The student newspaper welcomed her volunteer work, and provided valuable experience.
“For me, working at The Omega while studying at TRU was a way to practice what I learned in the classroom while getting a few bylines for my resumé.”
For me, working at The Omega while studying at TRU was a way to practice what I learned in the classroom while getting a few bylines for my resumé. Jessica Wallace
Writing career a good fit for born story teller
As a boy, Coleman Molnar wrote short stories and his grandmother, a professor, would edit them. He’s all grown up now, and writes for a living, thanks to the TRU journalism program.
“I liked the idea of being able to get up in the morning and write about something different every day. It was a great fit from the start, playing to my creative and personal skills, and a terribly fun time to boot.”
Coleman thrived in TRU’s small classes and the individual attention he got from professors and fellow students.
“The relationships I built with my professors and classmates during my time in the program were lasting and very impactful. I continue to keep in touch with them, personally and professionally.”
An internship and a stint at The Omega student newspaper helped Coleman assemble a collection of clippings for his resume.
“Looking back, those first few positions were critical and really set me out at an advantage against other students who weren't given the opportunity to get published.”
Now working in Toronto, Coleman is eager to get back to the B.C. Interior.
“Kamloops is awesome! Fun and hot in the summer, and fun and not too cold in the winter. It's cheap, there are plenty of great job opportunities for students, and it's just the right size city.”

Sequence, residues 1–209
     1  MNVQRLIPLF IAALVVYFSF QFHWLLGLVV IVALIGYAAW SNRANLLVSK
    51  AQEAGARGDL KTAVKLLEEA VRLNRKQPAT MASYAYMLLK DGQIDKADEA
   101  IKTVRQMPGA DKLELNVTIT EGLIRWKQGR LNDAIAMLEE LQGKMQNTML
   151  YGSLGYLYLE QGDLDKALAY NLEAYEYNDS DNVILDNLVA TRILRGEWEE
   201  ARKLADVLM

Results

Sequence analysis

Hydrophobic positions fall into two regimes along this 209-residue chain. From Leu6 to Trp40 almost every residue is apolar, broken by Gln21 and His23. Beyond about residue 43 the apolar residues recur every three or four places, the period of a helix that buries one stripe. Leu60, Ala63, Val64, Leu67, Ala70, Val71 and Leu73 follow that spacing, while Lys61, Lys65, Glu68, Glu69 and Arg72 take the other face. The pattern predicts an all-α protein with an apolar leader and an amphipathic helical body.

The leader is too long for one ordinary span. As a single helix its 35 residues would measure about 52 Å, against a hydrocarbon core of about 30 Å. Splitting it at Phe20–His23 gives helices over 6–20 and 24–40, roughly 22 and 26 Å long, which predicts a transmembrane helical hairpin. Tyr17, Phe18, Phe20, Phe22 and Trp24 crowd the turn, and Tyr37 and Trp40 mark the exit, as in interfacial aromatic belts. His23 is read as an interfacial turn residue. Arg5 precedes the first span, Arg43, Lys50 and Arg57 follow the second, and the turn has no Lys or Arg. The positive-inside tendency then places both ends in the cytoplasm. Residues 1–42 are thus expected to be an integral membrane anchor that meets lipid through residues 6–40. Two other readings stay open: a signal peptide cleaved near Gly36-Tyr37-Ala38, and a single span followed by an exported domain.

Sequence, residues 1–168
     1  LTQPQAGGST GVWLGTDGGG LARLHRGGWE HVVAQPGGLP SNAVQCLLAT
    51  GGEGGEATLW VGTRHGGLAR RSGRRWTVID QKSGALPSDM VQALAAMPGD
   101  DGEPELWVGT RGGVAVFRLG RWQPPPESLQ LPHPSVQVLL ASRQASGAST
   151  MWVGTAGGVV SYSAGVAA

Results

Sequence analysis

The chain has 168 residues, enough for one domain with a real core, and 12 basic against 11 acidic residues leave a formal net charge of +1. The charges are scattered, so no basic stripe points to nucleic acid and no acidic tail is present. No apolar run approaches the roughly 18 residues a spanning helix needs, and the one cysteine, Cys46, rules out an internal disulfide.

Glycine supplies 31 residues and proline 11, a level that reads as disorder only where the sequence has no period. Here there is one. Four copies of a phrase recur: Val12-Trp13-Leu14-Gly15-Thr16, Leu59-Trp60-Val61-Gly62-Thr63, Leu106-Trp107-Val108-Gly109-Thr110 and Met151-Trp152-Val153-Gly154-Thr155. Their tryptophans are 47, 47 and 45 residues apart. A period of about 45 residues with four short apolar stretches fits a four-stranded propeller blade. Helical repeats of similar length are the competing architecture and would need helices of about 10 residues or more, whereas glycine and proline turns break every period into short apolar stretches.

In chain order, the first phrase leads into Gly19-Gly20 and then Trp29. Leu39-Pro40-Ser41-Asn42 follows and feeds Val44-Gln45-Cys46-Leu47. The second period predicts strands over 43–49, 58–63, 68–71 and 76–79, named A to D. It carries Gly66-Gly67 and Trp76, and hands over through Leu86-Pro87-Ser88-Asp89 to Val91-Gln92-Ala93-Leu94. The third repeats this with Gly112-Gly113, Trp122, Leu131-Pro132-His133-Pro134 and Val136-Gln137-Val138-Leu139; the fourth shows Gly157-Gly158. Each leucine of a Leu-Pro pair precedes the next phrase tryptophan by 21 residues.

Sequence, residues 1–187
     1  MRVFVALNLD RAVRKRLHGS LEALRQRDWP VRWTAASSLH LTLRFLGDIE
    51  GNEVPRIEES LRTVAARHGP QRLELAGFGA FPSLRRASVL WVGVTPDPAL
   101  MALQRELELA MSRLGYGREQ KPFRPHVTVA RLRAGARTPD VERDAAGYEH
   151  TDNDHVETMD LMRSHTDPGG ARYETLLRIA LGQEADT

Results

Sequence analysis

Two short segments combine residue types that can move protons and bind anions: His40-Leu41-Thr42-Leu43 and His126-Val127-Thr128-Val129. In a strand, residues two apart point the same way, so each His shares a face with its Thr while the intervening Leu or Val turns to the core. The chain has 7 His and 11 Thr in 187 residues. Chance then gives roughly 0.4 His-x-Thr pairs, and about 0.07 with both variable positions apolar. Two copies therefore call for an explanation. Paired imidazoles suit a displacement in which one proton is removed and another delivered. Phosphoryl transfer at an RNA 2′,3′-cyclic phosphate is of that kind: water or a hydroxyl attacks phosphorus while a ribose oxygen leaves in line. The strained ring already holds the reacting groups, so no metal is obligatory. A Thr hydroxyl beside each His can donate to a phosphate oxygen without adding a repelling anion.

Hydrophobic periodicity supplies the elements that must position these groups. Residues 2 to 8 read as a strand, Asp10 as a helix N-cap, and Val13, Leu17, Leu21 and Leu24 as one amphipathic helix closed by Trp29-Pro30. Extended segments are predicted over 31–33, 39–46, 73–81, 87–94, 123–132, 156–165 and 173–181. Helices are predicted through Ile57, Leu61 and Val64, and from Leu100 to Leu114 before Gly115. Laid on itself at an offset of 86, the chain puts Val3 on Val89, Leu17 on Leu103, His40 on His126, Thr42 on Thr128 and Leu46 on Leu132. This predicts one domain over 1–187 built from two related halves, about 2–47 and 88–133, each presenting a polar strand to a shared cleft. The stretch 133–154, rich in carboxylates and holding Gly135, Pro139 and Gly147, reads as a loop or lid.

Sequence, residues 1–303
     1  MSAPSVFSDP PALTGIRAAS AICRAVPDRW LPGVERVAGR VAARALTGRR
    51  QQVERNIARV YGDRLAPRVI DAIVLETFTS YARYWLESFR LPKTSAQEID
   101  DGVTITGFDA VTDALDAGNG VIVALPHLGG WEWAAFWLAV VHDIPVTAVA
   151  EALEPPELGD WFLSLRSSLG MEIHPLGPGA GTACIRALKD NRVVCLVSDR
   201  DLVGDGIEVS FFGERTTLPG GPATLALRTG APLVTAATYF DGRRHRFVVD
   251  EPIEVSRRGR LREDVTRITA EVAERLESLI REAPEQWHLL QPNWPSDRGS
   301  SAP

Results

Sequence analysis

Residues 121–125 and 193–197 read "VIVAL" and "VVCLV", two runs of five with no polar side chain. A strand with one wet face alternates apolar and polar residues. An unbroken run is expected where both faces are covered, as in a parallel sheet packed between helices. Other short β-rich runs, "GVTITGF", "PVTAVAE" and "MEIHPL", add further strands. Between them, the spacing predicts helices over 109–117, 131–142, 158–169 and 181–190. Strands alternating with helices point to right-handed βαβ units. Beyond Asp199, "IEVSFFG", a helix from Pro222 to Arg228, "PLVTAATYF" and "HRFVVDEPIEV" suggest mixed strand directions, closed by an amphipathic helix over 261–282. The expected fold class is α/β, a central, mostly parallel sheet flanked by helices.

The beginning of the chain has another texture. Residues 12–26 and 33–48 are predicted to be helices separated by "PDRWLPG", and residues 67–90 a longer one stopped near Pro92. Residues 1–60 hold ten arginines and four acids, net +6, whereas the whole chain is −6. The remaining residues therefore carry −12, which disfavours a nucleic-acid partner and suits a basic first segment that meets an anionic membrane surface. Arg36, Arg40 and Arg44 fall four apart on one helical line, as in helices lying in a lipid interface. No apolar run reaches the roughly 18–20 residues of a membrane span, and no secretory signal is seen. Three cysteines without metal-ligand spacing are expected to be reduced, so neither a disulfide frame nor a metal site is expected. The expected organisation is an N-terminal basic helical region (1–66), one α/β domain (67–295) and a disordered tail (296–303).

The relationships I built with my professors and classmates during my time in the program were lasting and very impactful. Coleman Molnar
Internships lay foundation for career
Wade Tomko grew up in a family where the news was constantly on the radio or TV, so he was always in tune with what was going on in the world. Over time, he came to believe that people have a right to know about the events that affect them.
This initially led to plans for a major in political science, but the courses he took left him feeling disconnected.
“I would eventually leave TRU to go out and explore the world and to find myself, but not before taking a course in multimedia journalism. It showed me that the work of journalists is meticulous and critical, but also rewarding and fun. Since then, I haven't looked back on my career choice.”
Entering his third year, Wade has an appreciation for the extensive experience that professors bring from the media and communications industry. He has also seen how journalism differs from other programs with its hands-on approach.
“You could describe it as the trade of academics. The program prepares aspiring journalists extremely well, giving students the opportunity to familiarize themselves with professional video and audio equipment and software.”
Internships give students real-world experience and a chance to expand their portfolios.
“I felt like I had an actual job within a media outlet. The realization of what would be expected from me in my field before finishing my program has helped me more than anything else thus far.”
I felt like I had an actual job within a media outlet. Wade Tomko